Because no one can predict when a buyer might want to see a home, sellers who are open to a last-minute showing make an agent’s job that must easier. Letting interested parties take a tour when it’s convenient for them may just sell your home that much faster, which is a win for everyone.

5. Commit to keeping your home clean

Nothing makes a house shine quite like keeping it clean and uncluttered. Ensuring your place is “show ready”—from the moment it’s first listed until the closing—eliminates any worries your agent may feel as buyer agents and their clients come to view your house… and that peace of mind is priceless.

6. Up your curb appeal 

Recognizing that the front of the home is the first thing would-be buyers see, it’s crucial to keep the exterior well-maintained. Sellers who are on top of cutting the grass and raking the leaves make a great first impression—and as they say, you only have one chance to make a first impression.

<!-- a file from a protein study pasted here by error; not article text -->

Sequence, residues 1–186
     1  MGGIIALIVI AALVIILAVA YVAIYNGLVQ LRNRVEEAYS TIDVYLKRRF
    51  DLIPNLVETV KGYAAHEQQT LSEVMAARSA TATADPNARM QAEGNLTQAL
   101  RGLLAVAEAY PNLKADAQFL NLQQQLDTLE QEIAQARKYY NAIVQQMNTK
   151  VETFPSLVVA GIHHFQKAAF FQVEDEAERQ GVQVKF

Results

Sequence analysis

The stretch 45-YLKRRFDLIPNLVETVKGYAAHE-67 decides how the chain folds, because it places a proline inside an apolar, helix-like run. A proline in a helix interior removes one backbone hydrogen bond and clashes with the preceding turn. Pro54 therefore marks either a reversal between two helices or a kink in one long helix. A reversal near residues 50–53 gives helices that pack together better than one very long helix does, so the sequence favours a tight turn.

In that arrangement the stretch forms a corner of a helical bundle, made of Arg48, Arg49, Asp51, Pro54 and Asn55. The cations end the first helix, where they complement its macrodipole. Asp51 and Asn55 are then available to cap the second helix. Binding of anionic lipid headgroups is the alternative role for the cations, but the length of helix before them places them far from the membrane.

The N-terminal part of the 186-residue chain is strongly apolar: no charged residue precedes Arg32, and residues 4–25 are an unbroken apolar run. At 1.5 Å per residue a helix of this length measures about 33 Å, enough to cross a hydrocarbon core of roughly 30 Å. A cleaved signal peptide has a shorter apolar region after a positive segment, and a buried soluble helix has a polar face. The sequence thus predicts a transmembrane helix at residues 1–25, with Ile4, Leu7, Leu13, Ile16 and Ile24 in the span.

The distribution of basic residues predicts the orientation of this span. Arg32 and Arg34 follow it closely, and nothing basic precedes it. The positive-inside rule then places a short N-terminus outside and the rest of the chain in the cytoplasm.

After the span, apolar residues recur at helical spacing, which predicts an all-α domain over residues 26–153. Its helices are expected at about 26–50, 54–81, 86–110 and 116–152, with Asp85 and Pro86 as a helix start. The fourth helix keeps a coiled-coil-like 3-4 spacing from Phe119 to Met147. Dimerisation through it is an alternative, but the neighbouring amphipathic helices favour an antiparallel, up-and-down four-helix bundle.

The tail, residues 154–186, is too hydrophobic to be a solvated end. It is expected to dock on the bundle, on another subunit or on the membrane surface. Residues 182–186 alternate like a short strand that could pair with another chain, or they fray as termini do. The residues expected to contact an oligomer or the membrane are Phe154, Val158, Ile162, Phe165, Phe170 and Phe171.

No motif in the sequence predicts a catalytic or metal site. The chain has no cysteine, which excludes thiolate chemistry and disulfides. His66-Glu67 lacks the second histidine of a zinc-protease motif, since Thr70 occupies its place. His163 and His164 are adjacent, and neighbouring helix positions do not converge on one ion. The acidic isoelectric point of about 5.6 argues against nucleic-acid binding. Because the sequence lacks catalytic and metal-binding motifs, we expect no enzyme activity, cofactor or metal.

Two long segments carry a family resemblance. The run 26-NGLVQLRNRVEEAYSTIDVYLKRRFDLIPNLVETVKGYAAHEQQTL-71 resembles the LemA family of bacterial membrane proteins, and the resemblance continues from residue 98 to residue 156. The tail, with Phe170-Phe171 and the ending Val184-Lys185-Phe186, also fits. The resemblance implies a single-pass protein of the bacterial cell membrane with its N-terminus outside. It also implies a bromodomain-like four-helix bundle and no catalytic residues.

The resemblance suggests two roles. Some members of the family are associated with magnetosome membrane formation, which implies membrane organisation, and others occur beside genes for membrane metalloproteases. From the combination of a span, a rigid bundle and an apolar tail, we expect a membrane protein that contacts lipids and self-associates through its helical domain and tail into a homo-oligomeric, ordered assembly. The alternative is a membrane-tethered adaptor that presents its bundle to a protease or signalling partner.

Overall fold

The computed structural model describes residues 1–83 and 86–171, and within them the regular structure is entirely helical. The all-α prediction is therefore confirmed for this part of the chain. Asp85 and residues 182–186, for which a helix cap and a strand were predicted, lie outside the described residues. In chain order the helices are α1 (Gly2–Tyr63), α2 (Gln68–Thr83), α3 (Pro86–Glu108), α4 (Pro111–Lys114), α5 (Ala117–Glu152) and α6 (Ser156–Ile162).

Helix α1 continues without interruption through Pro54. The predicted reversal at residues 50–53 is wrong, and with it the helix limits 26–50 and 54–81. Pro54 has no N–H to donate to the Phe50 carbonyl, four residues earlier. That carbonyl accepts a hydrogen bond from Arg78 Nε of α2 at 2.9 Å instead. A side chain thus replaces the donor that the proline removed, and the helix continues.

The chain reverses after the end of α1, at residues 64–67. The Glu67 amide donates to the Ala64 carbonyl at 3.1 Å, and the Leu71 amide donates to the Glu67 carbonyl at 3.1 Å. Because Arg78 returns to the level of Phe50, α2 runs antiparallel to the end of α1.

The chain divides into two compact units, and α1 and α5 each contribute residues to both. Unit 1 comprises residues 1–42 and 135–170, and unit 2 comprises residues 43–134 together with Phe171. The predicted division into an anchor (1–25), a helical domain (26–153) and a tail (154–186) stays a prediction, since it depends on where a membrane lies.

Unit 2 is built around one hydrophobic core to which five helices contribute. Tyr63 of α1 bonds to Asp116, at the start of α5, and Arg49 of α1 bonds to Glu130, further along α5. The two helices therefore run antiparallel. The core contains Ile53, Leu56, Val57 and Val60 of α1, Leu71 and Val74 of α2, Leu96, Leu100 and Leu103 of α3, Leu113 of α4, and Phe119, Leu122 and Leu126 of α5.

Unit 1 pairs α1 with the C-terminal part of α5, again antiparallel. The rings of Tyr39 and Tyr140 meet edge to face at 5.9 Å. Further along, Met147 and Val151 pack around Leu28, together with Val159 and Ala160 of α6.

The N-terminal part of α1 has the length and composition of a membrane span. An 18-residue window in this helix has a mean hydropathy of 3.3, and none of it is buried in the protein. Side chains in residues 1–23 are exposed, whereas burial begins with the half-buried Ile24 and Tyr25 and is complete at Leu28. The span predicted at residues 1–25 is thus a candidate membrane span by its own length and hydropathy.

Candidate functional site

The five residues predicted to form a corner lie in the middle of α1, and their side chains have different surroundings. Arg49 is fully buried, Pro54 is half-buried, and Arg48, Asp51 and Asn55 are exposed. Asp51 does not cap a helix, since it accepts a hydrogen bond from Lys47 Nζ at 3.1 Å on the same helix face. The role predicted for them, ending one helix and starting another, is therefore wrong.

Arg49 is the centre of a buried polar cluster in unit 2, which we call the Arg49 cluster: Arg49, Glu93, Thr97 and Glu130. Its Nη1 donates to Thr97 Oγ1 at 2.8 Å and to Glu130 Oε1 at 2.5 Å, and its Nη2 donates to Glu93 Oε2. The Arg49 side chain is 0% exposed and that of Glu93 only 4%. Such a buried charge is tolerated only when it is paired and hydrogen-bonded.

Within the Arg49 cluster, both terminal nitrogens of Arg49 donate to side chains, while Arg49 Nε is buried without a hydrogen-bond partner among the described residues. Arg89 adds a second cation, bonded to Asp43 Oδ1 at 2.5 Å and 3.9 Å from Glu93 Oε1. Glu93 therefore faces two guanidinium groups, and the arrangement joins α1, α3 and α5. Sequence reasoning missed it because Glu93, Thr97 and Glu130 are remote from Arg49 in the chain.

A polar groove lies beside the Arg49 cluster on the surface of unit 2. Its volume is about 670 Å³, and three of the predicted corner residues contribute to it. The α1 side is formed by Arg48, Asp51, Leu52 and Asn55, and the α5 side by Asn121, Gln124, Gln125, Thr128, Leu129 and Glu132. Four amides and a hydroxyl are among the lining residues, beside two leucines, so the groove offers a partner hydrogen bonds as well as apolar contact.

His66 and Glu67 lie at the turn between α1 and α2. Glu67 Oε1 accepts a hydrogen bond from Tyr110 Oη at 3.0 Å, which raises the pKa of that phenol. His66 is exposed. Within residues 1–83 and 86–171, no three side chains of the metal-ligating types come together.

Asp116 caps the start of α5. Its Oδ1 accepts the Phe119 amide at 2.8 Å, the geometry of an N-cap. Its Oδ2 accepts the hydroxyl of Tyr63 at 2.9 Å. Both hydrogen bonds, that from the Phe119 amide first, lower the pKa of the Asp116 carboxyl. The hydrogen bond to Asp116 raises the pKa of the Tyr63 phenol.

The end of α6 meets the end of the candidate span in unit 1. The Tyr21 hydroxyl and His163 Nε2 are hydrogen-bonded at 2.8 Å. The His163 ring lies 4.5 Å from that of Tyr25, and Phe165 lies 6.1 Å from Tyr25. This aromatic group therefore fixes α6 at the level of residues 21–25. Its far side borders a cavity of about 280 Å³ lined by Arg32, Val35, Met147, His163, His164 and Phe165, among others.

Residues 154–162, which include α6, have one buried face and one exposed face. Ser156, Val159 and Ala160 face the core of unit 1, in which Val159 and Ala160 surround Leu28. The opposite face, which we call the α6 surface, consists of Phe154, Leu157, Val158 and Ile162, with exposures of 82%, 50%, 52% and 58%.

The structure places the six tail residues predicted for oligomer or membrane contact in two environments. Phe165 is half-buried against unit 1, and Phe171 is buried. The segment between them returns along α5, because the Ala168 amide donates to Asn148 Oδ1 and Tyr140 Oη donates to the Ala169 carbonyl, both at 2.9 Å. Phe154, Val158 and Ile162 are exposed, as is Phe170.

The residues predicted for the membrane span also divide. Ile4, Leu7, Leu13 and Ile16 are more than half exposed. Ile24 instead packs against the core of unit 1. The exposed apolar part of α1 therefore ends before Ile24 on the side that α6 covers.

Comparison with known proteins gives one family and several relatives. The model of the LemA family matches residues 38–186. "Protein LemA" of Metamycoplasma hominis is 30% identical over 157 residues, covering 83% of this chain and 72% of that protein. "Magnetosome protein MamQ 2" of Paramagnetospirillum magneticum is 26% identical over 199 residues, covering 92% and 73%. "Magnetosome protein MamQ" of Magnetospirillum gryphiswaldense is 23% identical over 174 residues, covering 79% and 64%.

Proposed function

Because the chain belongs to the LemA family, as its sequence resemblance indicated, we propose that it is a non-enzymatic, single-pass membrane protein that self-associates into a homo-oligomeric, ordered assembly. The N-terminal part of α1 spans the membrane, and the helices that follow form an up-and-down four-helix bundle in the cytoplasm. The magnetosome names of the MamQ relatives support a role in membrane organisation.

7. Take your agent’s advice

Whether it’s about recommended staging, or an item that needs to be fixed before the home inspection, following the advice of your expert is beneficial for all parties. After all, you’ve hired a pro, so why not heed their wisdom and reap the rewards?

8. Leave a glowing review on social media or offer a testimonial

Again, sharing the love is a big part of helping your agent gain new clients. Offer to write a testimonial for their website, or share your experience on social media and let the world know you’re crazy about him or her.


 

Consider me your #1 resource for all things Real Estate!  I ❤️ working on behalf of my clients.  If I can be of assistance to you,  just send me an email or call 619-888-2117.

 I do appreciate testimonials on: